National Park Service Acquires Circle X Ranch
In a ceremony punctuated by bagpipe music and blue skies, a state parks agency turned over 2,434 acres of Santa Monica Mountains parkland to the National Park Service on Monday.
The cornerstone of the $11-million land sale by the Santa Monica Mountains Conservancy was the site of the ceremony, the 1,655-acre Circle X Ranch in southeast Ventura County. The ranch and 779 acres in Zuma Canyon were added to the Santa Monica Mountains National Recreation Area.
Sandstone Peak, part of the ranch and the highest point in the Santa Monicas, loomed in the background as Los Angeles Mayor Tom Bradley and Democratic and Republican members of Congress praised the conservancy and the Park Service for preserving the land and the national park.
The park has received about $91 million of the $150 million in land-purchasing funds envisioned by the 1978 law that created it, partly because some in Congress have been skeptical about whether a true wilderness park could be created in a sprawling urban area such as Los Angeles.
“One look at this property should put to rest all of those doubts,” Rep. Anthony C. Beilenson (D-Tarzana), author of the 1978 law, told a crowd of about 175. “It gives the Santa Monicas the look and feel of a real national park. That’s important from a political perspective.”
The $11 million represented all of the money Congress appropriated to the Park Service for the Santa Monicas in the 1989 budget year.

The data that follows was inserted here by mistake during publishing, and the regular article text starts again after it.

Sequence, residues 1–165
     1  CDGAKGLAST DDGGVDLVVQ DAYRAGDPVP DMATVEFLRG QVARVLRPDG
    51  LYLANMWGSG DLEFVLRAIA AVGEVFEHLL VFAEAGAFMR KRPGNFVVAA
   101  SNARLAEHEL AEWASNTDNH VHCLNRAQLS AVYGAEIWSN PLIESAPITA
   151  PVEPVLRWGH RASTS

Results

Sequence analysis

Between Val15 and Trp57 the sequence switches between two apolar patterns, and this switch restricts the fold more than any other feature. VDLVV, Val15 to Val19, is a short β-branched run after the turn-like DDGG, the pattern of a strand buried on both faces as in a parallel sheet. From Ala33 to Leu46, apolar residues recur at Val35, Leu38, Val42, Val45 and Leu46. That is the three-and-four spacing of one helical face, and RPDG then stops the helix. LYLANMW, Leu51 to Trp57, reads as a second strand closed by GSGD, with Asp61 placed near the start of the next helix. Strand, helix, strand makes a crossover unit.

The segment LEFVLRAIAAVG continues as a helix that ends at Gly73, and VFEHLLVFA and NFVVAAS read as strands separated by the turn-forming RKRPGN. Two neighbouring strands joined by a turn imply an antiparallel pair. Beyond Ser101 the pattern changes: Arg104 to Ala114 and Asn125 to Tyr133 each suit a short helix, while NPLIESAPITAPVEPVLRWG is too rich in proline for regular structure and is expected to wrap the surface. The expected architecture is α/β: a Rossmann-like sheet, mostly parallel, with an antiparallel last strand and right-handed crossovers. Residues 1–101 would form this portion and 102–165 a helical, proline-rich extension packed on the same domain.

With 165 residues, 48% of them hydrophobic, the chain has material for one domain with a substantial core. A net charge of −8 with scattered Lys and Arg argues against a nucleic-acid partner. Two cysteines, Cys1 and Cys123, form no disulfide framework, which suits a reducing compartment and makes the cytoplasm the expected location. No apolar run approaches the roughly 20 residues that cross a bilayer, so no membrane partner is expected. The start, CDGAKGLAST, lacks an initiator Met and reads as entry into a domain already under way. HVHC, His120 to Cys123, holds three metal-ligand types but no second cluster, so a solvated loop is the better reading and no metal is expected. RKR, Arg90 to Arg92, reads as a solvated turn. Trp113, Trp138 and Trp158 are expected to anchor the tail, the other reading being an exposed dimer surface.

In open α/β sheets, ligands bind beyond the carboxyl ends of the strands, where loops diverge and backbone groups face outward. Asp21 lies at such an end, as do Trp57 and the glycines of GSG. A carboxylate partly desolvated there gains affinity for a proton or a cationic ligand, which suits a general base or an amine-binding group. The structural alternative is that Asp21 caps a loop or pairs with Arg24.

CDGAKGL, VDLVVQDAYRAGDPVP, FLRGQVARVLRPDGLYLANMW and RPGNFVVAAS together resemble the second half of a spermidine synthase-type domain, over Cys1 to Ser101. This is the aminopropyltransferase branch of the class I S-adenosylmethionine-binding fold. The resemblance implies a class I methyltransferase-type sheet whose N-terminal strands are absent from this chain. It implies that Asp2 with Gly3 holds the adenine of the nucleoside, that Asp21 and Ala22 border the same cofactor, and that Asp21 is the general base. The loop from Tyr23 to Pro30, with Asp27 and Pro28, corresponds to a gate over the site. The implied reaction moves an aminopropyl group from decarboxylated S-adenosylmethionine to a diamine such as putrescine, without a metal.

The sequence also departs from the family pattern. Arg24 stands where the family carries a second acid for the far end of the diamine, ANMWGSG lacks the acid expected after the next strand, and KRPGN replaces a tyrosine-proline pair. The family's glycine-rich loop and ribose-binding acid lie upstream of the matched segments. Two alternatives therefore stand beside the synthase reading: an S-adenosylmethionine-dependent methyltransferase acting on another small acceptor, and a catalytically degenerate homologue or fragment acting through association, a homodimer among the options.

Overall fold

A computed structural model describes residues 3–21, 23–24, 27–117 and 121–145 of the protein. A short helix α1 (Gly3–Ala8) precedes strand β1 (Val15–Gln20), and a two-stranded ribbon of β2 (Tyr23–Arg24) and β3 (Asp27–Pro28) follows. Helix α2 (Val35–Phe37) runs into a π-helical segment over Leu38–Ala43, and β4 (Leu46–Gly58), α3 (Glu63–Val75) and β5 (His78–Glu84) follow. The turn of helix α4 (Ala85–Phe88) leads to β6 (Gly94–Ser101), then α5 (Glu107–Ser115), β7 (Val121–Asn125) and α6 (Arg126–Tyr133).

“There is an amazing grace to this lovely area,” said U.S. Sen. Pete Wilson (R-Calif.), after bagpiper Jim Sanderson of Long Beach played the song “Amazing Grace.”
The Circle X Ranch becomes the first overnight campground in the national park.
The land in Zuma Canyon adds to existing federal parkland there, bringing to 1,500 the number of public acres--including hiking and horse trails--in the coastal canyon. With the latest acquisitions, the national park has about 16,000 acres of federal land from the Hollywood Freeway to Point Mugu.
The dedication came less than a week after the park sustained a setback from the Los Angeles County Board of Supervisors, which approved a 150-home development Thursday on land in Agoura that park officials had coveted.
Although conservancy officials said they have not yet given up on acquiring the property, Conservancy Executive Director Joseph T. Edmiston said: “If there ever was a need to show that the park is not moribund as a result of the supervisors’ action, today was a demonstration of that.”
The state law that created the conservancy to manage parkland until the federal government can take it over is scheduled to expire in July, 1990. State Sen. Herschel Rosenthal (D-Los Angeles) is expected to introduce a bill this week to extend the life of the conservancy until the end of 1994, a Rosenthal aide said Monday.